Have you ever thought about how did mankind live in prehistoric ages? What made it possible for us to discover our roots? Well, humans being innovative and intelligent since time immemorial, found a way to draft their history for the coming generations to learn from in the form of cave painting, rock carving, etc. they recorded their day to day life through these drawings. One such historic recording can be found in the Wayanad district in Kerala.
A 45 minutes trek up the Ambukutty Mala takes you face to face with the Eddakkal caves. The caves are located 25kms away from Kalpetta in Wayanad district discovered by Fred Fawcett. Eddakkal caves mean a huge boulder straddling a rock fissure. There are many stories that suggest how the caves formed?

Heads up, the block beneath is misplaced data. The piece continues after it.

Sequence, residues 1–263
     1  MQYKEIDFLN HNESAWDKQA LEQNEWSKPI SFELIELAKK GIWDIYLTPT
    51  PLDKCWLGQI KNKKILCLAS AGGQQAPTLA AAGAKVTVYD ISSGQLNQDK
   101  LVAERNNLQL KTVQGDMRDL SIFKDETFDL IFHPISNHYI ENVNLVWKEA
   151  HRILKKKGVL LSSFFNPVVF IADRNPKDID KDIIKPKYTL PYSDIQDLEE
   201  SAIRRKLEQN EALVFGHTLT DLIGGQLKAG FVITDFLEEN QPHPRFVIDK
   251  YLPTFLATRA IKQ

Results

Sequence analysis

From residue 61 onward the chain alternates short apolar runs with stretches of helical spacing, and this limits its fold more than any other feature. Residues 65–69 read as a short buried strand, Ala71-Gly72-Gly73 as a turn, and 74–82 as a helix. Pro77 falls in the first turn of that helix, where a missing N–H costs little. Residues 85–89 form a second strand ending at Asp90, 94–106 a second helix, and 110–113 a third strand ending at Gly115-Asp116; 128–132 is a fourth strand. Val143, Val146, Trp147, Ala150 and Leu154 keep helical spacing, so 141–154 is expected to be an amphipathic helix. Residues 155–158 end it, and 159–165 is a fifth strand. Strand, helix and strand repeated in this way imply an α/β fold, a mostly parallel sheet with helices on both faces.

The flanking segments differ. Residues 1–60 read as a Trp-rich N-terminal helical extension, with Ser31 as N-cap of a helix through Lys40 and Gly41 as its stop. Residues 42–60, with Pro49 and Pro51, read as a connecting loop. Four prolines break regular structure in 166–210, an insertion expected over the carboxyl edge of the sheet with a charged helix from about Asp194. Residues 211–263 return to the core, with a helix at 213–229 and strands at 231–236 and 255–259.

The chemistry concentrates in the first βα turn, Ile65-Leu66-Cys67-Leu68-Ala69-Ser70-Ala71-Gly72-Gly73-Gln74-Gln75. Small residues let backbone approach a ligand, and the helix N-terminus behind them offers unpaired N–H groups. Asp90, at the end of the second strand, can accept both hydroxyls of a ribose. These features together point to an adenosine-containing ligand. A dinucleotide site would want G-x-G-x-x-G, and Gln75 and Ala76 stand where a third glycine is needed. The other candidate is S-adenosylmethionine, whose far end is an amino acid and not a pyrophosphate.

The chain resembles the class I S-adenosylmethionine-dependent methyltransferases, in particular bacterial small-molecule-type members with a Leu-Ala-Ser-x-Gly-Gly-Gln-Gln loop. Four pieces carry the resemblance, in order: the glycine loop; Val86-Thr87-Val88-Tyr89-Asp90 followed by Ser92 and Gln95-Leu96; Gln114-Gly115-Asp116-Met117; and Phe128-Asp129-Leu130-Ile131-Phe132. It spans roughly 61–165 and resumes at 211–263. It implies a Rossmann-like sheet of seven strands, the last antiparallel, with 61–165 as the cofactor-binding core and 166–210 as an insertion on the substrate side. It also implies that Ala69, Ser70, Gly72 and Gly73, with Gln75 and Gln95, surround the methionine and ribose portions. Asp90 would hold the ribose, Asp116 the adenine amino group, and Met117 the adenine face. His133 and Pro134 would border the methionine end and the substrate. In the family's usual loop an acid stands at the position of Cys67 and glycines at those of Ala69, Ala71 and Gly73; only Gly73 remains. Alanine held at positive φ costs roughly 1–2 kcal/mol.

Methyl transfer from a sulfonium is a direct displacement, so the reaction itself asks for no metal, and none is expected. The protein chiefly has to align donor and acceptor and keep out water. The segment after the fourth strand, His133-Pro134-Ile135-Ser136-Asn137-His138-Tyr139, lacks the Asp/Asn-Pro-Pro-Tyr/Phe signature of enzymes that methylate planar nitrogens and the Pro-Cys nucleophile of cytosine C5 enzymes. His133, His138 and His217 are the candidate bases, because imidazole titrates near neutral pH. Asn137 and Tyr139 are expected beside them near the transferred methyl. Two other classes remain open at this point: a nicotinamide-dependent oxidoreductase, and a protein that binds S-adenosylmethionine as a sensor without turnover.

The most popular one among the locals is: The caves were formed as a result of an arrow fired by Lava & Kusha, sons of Lord Rama. The attractive feature of the caves is the petroglyphs. The rock carvings are believed to date back to Neolithic and Mesolithic ages. The oldest carving is 8000 years old. The archaeologist believes that these caves were inhabited at different times of history.
These stone-age carvings are rare and only ones found in South India. The carvings include shapes of humans, animals, tools used by humans, etc which leave you in awe and thinking how advanced the prehistoric man was. The most famous carving, ‘ a man with jar cup', shows that the civilization that once settled in these caves has some connection with the Indus Valley Civilization.
The Eddakkal caves have two main chambers. The lower chamber solely supports the main chamber. A flight of steep steps takes you to the main chamber where you can see the wonderful work of ancient man. Further up the cave, a breathtaking view takes away all the fatigue you had. The Eddakkal caves are open from 9.30 am to 4.30 am except on Mondays. Edakkal caves always top the must-see list of Wayanad attractions, Remind your tour agency to schedule a visit to the caves in your Package Tour s.